Before one makes an assessment of the status of a film based on its box office earnings, one needs to know two additional things. The first is obviously the cost of production. Most producers will inevitably exaggerate the costs and it is often the single-most difficult figure to obtain accurately. However, experienced filmmakers can often make fairly reasonable assessments (after seeing a film) of the range of what the film should have cost if there were no absurd wastages. The second thing that one needs to know is that in Pakistan, producers only receive about 30-35 per cent of the total box office gross of a film. The rest goes to the cinema owners (the exhibitors), the distributors and in publicity costs.
Now let’s take a look at the economics of Waar. According to the initial claims of the producers, the production cost of the film was 20 crore rupees (US$2 million). This would mean that the film would need to gross between 57 and 66 crores rupees at the box office for the producers just to break even (an ‘average’ film in box office terms). For Waar to be considered a ‘Hit’ it would need to gross between 114 crore and 133 crore rupees. For it to be a ‘Super-Hit’ or ‘Blockbuster’ it would need to earn at least 150 crores.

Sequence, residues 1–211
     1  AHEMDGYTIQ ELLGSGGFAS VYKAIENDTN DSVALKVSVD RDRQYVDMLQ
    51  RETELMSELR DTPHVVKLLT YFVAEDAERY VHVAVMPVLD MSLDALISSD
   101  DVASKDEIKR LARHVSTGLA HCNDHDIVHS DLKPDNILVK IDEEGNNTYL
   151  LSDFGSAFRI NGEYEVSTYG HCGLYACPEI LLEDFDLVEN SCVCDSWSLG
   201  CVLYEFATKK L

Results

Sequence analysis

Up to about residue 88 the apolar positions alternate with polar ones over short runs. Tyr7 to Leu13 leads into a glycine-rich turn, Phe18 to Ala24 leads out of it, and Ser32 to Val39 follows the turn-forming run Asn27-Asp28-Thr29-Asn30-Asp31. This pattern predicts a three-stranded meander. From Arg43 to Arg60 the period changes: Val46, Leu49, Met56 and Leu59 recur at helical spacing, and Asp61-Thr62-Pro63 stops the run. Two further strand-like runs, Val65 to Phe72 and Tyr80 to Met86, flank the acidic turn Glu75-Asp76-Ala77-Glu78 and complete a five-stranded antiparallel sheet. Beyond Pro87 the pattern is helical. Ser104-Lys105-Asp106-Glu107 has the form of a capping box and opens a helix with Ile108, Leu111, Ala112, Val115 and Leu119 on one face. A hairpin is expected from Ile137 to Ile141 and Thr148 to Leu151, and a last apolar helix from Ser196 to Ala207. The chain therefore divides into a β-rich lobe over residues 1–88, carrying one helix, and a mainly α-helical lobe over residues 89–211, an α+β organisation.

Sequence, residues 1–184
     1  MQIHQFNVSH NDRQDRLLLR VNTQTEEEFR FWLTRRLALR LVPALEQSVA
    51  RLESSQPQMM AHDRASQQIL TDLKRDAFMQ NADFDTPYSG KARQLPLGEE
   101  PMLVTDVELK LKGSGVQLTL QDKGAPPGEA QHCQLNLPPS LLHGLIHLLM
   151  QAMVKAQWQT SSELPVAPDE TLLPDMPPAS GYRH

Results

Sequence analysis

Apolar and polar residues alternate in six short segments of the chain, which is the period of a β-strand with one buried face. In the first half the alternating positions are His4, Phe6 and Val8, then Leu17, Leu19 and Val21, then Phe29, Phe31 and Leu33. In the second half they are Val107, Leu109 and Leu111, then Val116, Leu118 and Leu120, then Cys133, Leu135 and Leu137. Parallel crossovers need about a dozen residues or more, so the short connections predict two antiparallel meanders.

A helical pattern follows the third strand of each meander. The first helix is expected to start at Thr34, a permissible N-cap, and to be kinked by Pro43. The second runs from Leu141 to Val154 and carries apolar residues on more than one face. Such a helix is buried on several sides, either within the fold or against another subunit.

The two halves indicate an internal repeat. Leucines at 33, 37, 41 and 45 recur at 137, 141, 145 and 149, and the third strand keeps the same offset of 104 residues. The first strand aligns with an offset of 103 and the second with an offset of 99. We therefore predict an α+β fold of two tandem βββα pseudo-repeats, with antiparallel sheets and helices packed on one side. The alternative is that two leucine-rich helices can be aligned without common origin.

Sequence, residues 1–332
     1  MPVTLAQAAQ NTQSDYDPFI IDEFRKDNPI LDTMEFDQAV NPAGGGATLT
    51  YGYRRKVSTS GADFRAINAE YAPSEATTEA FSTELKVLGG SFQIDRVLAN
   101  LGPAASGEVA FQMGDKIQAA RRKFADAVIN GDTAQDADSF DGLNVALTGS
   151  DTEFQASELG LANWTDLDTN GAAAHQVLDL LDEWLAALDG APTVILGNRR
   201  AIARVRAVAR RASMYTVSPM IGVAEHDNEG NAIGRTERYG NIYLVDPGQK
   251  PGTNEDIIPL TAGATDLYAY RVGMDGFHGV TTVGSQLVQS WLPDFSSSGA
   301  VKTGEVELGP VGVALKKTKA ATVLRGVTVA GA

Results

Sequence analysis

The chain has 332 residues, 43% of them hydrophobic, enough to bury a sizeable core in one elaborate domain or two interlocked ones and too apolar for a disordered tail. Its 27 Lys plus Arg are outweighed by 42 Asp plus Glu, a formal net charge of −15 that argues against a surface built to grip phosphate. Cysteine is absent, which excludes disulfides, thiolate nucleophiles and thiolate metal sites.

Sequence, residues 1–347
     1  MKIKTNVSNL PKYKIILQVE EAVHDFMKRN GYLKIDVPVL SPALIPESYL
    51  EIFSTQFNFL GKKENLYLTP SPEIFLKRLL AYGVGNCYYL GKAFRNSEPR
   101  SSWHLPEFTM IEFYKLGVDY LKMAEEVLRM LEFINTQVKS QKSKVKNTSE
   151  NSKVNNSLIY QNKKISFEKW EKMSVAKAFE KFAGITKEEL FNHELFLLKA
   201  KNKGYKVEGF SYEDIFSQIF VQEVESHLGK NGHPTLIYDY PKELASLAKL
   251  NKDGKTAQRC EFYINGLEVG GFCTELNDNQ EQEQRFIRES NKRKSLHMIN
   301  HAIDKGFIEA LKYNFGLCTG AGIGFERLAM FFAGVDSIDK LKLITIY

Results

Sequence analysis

Given the small cinema circuit Pakistan has been reduced to because of the breaking down of theatres over the last decades, the highest grossing film in recent times in Pakistan was Shoaib Mansoor’s Bol (2011). That grossed about 12 crores only. The highest grossing film in Pakistan’s history was Syed Noor’s Punjabi filmChoorriyaan (1998) which has grossed about 20 crore rupees over its lifetime. Given this history and the fact that currently only about 30-odd cinemas in Pakistan actually return a profit, it is next to impossible for Waar to even recover its supposed investment, to say nothing of being a box-office hit.
But what if the film cost less? And what about earnings from international markets?